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Do employers have to offer health insurance to part-time workers?

Written by: Elizabeth Walker
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Published on May 18, 2022.

Having access to employee benefits like health insurance isn’t always guaranteed for part-time employees. According to the Bureau of Labor Statistics, only 23% of employees with part-time jobs were offered employer-sponsored health insurance.

Most recruiting efforts focus on attracting and retaining full-time employees. But in this tight labor market, the part-time workforce continues to increase. Offering a part-time job with health insurance benefits can go a long way toward recruiting talented part-time candidates.

Providing your part-time employees with a health plan isn’t as difficult as you think. There are few regulations surrounding part-time work, so employers have some flexibility when determining eligibility.

Employers that offer health insurance to their part-time workers still need to comply with federal and state regulations. This blog will cover the requirements for offering health insurance to part-time employees as well as health benefit options available to employers.

Find out the average cost of health insurance in your state with our comparison chart

What is considered part-time employment?

Business owners typically consider full-time employment as someone who works 40 or more hours each week. Part-time employees usually work an average of 30 or fewer hours per week, or less than 130 hours per month for more than 120 days in a row.

Other than that basic criteria, the Fair Labor Standards Act and other employment laws don’t outline specific requirements. Generally, individual businesses determine what they consider to be part-time hours.

Employers should also consider any state and local laws that may stipulate what is considered part-time work. It's the employer's responsibility to choose the maximum hours for a part-time worker and communicate that to their employees in writing during the hiring process.

Do employers have to offer health insurance to their part-time workers?

The Affordable Care Act’s (ACA) employer mandate requires applicable large employers (ALEs) with 50+ full-time equivalent (FTE) employees to offer affordable health insurance to their workers or be subject to a tax penalty. The ACA defines full-time employees as those who work at least 30 hours per week.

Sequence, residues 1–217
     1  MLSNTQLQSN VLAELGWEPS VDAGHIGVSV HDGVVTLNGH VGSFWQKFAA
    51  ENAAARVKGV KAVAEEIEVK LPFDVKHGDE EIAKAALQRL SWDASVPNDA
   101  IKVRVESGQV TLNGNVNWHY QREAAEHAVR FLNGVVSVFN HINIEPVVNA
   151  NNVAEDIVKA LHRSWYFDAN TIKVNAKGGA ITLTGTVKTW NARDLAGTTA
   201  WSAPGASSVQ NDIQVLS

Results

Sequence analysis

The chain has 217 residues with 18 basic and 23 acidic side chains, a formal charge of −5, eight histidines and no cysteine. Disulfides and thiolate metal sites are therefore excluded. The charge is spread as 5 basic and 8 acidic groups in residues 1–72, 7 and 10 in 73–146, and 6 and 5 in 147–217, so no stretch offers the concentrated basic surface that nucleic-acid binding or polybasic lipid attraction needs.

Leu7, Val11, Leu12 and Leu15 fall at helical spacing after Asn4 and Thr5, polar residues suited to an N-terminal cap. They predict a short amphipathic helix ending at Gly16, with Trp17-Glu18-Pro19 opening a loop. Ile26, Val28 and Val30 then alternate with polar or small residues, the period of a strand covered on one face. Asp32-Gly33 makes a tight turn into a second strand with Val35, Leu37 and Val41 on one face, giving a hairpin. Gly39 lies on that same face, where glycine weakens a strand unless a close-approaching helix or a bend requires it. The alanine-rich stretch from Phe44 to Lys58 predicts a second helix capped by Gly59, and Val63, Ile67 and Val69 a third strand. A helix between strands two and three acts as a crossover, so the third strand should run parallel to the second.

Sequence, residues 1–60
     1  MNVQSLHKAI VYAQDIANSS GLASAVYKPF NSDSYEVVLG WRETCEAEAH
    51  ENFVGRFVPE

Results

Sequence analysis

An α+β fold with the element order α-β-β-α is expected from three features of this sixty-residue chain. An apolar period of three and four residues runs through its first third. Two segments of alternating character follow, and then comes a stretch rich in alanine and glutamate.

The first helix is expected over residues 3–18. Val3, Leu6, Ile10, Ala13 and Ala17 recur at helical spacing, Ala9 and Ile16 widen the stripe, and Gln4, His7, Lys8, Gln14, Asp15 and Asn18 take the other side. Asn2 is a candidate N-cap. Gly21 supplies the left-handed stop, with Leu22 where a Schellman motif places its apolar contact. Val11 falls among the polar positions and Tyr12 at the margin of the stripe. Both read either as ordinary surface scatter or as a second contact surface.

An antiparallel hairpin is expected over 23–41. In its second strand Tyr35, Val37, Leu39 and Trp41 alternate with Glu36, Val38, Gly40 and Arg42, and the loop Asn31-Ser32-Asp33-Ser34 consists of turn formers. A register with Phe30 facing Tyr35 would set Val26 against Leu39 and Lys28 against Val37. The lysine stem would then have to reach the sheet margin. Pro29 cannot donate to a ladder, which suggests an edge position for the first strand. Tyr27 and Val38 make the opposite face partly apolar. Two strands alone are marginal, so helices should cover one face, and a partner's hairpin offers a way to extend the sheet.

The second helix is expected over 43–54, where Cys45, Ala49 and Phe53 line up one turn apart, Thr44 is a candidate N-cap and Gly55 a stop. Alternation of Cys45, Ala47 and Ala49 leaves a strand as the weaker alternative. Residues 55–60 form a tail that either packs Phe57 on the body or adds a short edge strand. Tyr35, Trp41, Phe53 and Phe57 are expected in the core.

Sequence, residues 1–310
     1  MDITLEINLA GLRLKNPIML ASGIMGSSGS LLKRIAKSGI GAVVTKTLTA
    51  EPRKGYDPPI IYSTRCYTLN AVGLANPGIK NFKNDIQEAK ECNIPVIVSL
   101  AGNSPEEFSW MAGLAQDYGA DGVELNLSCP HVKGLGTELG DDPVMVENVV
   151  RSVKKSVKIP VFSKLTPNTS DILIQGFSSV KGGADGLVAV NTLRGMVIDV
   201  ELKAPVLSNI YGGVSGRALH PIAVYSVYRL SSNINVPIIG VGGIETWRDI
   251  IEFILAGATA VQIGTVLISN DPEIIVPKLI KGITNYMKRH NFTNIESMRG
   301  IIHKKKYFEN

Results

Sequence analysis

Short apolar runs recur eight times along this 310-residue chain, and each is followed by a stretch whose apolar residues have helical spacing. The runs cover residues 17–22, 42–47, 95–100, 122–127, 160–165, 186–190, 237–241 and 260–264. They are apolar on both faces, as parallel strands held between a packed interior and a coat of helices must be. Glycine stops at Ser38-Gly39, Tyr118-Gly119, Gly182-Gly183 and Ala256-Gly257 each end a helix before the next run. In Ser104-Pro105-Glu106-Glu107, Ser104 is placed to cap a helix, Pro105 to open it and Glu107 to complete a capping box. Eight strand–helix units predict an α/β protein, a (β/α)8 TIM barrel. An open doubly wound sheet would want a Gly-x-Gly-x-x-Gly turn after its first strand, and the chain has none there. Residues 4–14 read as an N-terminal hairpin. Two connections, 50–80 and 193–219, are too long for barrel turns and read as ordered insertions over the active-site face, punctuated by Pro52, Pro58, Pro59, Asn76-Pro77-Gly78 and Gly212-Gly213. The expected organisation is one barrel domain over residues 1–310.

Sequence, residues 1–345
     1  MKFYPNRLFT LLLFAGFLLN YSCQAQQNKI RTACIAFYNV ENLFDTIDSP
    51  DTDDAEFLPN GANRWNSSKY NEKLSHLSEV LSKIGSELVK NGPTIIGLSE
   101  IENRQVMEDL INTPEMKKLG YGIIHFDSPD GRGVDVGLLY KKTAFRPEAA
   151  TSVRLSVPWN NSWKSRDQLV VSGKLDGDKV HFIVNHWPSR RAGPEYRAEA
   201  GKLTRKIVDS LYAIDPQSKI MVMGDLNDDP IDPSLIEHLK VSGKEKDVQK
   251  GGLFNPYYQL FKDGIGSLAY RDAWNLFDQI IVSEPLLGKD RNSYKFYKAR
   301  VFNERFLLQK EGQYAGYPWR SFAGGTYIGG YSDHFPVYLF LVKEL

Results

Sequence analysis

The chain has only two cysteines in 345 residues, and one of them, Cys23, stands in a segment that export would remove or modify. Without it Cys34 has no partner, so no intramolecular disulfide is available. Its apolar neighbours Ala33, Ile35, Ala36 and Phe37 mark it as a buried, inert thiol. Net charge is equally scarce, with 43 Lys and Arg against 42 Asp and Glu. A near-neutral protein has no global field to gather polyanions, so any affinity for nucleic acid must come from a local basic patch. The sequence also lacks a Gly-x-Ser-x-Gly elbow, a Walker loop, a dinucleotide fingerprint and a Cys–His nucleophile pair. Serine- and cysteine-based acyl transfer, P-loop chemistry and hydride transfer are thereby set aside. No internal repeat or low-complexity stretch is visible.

If you have less than 50 FTEs, you aren’t required to offer health insurance to any of your employees. If you are an ALE with part-time employees who work less than 30 hours per week, you don’t have to provide health insurance to them—-even if you’re providing insurance to your full-time workers.

Even if not legally required, employers may offer their part-time employees health insurance if they wish. Offering health insurance benefits to those with part-time positions can help improve employee retention, boost workplace morale, and increase job satisfaction.

Calculate the number of FTEs in your organization with our worksheet

What are the requirements for offering health insurance to part-time employees?

Providing health insurance is one of the top employee benefits you can offer at your organization. But before you get started, eligibility for employees doing part-time work depends on federal and state laws, your insurance provider, and other factors.

Let’s dive into the two main requirements for offering health insurance to your part-time employees in the sections below.

ACA rules

According to the ACA, healthcare benefits must be offered consistently to all similarly situated employees. This means an employer can’t offer health insurance to one part-time worker, but deny health coverage to another part-time employee working the same amount of hours and the same type of job.

Employers should create a written document within their company policy guidelines detailing part-time employee eligibility requirements for health insurance. Individual businesses can set their own regulations surrounding eligibility, as long as it’s clearly articulated and applied consistently.

Insurance carrier rules

Insurance companies have different rules around offering health insurance to part-time employees. Some insurers have policies that allow offering health insurance to part-time workers, while others prohibit it entirely. That’s why it’s important to check with your insurance carrier before providing your part-time workers health coverage.

Additionally, some insurance companies have minimum participation requirements for their health insurance policies. This means that out of all eligible employees offered your medical plan, a minimum percentage of them must purchase and use it.